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Side effects of treatment

All cancer treatments and other medicines that may be needed alongside therapy can cause side effects. Side effects from cancer treatment can range from being mild to uncomfortable. Some side effects can occur immediately, some in the days after treatment and some weeks, months or even years after treatment. All treatments for cancer have risks or side effects. Patients may experience one, some or none of these side effects.

The healthcare team should educate all patients about what side effects can happen with the treatment that is being given. Patients should be provided with this information prior to and during the treatment cycle. Some side effects can be serious and these should also be explained to the patient and what steps to take if this does happen should also be discussed. In most cases the patient may need to go to the emergency department of the hospital if it is a serious side effect.

The good news is that many of the common side effects can be minimised or not happen at all when the patient receives other medications to help with the side effect. Therefore, it is always very important to mention any side effects that are happening to the nurse or healthcare team.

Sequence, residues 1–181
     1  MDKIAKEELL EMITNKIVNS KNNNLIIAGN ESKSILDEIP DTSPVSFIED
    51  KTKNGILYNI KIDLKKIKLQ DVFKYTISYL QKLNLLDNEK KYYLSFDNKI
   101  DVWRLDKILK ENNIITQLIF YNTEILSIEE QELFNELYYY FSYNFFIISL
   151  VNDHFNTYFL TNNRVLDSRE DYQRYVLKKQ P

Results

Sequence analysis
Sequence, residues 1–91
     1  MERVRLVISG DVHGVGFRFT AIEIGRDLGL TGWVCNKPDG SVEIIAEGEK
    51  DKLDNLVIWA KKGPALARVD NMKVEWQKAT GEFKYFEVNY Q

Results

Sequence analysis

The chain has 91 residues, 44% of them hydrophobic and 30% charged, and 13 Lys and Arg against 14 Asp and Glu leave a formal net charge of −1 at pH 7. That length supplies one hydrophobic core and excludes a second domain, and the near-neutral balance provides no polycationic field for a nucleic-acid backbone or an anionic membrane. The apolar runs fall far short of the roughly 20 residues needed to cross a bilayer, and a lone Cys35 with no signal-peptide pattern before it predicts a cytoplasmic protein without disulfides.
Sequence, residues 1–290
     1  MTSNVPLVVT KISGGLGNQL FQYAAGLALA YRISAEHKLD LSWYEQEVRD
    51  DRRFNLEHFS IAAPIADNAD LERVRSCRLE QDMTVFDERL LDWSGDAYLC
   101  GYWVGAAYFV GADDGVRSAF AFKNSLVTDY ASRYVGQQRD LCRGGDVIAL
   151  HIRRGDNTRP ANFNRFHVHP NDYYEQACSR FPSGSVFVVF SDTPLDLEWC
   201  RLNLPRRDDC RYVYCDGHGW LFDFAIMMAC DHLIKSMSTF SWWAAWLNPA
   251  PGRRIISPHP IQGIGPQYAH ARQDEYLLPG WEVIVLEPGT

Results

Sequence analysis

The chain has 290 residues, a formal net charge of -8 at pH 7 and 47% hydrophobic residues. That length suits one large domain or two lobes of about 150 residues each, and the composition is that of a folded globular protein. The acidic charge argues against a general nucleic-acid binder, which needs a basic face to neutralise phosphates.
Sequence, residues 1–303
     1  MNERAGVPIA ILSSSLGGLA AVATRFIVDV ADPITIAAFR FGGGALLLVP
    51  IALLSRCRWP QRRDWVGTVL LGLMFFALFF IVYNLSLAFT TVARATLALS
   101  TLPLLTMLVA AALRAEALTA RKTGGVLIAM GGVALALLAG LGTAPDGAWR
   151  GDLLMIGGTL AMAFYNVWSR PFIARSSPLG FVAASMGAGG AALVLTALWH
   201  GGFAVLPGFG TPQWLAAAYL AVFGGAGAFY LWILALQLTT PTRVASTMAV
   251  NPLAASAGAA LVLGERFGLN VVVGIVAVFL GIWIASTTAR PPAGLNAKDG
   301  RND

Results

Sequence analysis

One of the most common side-effects of lymphoma treatments are changes to your blood counts. See the table below for more information on some of these changes.

Changes to blood counts

White cells
Red Cells
Medical name

Neutrophils and lymphocytes



What do they do?

Fight infection

Carry oxygen

Stop bleeding

What is a shortage called?

Neutropenia and lymphopenia



How will this affect my body?

You will get more infections and may have difficulty getting rid of them even with taking antibiotics.

You may have pale skin, feel tired, breathless, cold and dizzy.

You may bruise easily, or have bleeding that doesn’t stop quickly when you have a cut.

What will my treating team do to fix this?

Delay your lymphoma treatment.

Give you oral or intravenous antibiotics if you have an infection.

Delay your lymphoma treatment.

Give you a red cell blood transfusion if your cell count is too low.

Delay your lymphoma treatment.

Give you a platelet transfusion if your cell count is too low.

** When all your blood cells are low it is called ‘pancytopenia’. If you have pancytopenia you may need to stay in hospital for supportive treatment until your blood counts come back up.

Other common side-effects

Finishing Treatment and Late Effects

Once you finish treatment you may still experience some side-effects. For some, these may last several weeks, but for others they may last longer, or start months or years in the future. To learn more about late effects, click the link below.

For more info see
Finishing Treatment

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For people living in Australia, we can offer a phone translation service. Have your nurse or English speaking relative call us to arrange this.